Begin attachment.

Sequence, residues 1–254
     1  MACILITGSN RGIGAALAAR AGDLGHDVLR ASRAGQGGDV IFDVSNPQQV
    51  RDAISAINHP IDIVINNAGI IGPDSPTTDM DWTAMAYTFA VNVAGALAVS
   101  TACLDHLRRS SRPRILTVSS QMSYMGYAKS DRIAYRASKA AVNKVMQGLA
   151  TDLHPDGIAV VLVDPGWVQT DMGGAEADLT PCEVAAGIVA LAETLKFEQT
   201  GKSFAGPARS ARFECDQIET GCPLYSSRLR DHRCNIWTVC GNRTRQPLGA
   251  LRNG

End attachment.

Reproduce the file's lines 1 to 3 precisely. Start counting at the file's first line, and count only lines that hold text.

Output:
Sequence, residues 1–254
     1  MACILITGSN RGIGAALAAR AGDLGHDVLR ASRAGQGGDV IFDVSNPQQV
    51  RDAISAINHP IDIVINNAGI IGPDSPTTDM DWTAMAYTFA VNVAGALAVS